Author Topic: Mastech MS2010B / 32-800 Low Current Clamp Meter  (Read 1750 times)

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Offline ocw

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Mastech MS2010B / 32-800 Low Current Clamp Meter
« on: October 10, 2015, 05:00:41 pm »
Having found a Mastech MS2010B - 32-800  leakage current meter for $99.00 I decided to pick one up.  It's more commonly available for $130 - $180.  Besides leakage currents (the AC current difference between two wires) it can measure low single wire AC currents down to 10 uA resolution.  Attached is a summary of my verification of its specifications.  I compared it to the specifications measured on a UT210B.

It would be nice if it measured DC currents as the UT210B does, but I'm sure that would raise its price.  Its lowest AC currents range measures up to 40 mA with 0.01 mA resolution.  It can measure up to 600 A and 600 VAC with a CAT III rating.  Like most other leakage current ammeters, its clamp is a little bigger and heavier than normal.  It had reasonable accuracy measuring low AC currents, although I found it a bit under its specified rating.  At 500 mA and above its accuracy was very good.  I stopped my measurements at 2 amps, expecting the higher currents to have similar accuracy.  It has a low pass filter which can be activated to limit the effects of high frequency noise.  I found that it was down about 10 dB at 950 Hz and 40 dB down just above 5 kHz.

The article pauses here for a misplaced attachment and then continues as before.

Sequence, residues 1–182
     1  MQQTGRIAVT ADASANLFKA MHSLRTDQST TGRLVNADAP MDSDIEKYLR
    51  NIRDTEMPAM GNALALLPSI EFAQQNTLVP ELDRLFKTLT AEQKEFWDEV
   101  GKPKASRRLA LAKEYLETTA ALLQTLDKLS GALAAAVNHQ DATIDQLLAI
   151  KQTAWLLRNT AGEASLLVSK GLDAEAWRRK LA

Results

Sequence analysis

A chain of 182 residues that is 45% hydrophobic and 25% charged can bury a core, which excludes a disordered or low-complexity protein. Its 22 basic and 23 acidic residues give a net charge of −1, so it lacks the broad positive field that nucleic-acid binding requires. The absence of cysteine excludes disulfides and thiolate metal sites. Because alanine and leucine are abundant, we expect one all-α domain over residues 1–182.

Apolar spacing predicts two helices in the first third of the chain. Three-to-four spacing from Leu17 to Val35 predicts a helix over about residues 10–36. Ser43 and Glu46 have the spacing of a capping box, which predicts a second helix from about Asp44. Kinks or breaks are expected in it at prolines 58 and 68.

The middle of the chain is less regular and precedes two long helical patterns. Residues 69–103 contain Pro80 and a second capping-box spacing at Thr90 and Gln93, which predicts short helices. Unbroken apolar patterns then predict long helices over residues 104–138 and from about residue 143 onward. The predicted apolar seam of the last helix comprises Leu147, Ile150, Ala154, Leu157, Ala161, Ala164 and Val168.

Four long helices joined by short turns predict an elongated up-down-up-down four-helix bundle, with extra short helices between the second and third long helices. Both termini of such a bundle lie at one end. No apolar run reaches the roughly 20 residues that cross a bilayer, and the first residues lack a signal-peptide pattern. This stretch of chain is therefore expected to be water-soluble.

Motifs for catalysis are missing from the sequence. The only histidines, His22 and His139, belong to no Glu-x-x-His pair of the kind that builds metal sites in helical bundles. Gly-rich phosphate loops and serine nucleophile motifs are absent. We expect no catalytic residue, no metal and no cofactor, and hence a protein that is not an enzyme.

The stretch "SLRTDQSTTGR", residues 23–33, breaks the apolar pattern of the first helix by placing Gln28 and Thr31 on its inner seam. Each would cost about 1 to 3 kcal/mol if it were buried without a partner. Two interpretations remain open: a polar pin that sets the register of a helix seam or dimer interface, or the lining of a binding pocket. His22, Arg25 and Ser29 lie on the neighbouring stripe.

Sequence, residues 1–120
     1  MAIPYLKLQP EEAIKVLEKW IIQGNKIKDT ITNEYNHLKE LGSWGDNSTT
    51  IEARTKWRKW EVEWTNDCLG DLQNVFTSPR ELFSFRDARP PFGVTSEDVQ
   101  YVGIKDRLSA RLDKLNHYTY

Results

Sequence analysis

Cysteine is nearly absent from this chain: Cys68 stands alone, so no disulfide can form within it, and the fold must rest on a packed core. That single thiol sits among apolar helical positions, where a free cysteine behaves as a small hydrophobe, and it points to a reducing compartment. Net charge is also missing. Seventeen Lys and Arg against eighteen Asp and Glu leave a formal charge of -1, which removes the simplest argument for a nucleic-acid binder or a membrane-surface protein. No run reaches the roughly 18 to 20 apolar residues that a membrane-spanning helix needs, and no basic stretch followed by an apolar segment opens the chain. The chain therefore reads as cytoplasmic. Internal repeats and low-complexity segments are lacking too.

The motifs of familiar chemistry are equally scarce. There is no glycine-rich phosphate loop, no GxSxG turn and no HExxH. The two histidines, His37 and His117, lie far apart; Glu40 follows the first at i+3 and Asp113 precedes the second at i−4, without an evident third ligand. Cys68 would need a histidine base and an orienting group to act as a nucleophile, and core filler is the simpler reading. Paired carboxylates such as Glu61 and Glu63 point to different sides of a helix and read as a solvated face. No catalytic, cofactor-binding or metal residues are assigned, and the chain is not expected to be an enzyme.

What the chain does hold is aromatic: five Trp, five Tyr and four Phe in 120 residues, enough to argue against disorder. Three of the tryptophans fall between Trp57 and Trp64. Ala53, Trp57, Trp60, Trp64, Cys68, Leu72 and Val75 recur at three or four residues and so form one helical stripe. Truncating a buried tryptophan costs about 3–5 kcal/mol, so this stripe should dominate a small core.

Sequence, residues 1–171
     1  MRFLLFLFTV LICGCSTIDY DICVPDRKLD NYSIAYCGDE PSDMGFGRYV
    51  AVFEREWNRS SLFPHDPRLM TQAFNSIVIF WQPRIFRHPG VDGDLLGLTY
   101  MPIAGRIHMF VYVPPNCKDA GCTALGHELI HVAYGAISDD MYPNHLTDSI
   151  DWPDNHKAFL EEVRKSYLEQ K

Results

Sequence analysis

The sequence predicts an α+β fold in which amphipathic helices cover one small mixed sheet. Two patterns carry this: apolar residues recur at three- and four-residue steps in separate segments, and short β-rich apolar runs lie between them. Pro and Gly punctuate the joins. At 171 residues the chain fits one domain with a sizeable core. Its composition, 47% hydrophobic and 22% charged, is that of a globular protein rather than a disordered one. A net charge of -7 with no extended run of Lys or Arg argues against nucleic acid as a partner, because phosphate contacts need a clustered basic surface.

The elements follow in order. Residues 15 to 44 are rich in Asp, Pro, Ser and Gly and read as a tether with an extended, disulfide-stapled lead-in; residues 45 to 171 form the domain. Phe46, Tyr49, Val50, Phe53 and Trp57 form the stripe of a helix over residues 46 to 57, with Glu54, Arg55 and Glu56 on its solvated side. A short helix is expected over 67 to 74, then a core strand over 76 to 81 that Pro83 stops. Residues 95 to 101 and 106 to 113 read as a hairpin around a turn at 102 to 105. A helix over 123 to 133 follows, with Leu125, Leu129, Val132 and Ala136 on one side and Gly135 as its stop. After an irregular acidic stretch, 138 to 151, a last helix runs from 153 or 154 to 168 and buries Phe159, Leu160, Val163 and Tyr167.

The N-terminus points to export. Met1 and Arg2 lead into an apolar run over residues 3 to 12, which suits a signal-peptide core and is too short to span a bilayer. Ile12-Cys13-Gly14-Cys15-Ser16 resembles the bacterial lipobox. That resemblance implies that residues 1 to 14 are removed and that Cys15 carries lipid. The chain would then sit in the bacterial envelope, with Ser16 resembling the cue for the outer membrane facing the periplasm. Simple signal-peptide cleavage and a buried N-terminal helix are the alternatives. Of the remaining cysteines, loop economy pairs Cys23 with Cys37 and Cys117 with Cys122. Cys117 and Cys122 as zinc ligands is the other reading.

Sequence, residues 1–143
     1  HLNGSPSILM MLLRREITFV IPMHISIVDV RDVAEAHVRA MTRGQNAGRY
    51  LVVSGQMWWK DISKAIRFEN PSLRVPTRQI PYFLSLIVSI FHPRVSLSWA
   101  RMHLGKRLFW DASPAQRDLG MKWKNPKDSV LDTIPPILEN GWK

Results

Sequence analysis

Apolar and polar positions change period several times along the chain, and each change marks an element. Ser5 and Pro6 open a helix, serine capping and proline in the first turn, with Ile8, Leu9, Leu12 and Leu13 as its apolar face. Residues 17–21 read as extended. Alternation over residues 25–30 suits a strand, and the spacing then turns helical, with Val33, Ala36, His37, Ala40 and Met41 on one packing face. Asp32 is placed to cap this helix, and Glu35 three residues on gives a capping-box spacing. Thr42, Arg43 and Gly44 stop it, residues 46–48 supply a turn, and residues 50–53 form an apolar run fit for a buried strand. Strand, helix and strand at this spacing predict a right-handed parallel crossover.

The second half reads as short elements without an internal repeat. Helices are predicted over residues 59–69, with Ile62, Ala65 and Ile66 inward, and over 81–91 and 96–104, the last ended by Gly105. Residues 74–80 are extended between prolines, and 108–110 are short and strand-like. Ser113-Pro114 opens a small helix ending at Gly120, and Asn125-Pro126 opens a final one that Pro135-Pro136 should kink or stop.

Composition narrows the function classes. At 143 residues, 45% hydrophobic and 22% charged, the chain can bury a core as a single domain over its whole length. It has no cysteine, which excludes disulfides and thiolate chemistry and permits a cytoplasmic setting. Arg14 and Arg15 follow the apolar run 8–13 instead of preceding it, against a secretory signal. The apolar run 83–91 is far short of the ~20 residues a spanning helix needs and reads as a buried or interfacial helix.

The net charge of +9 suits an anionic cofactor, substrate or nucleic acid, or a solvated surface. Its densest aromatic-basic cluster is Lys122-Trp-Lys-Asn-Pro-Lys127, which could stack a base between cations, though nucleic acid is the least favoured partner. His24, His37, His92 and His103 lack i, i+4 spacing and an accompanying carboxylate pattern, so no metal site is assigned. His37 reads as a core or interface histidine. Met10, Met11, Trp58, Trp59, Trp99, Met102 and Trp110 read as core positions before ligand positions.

I can also measure the sampled frequency while it measures either current or voltage.  Either a minimum 16 mA current or a  170 mV voltage needs to measured for a frequency to be shown.  I was able to measure the frequency from 3 Hz up to 270 kHz with good accuracy, generally being one digit low.  The actual frequency resolution seen didn't always match the value shown on its specification sheet.

Its capacitance measuring abilities aren't the best.  I didn't find it all that accurate and it only measures up to 100 uF.

I can measure temperature and comes with a K thermocouple.

It's nice to now have a way to measure leakage currents.  However, if you don't have a need for a lower cost way of measuring that or other small currents, other meters are probably a better choice.


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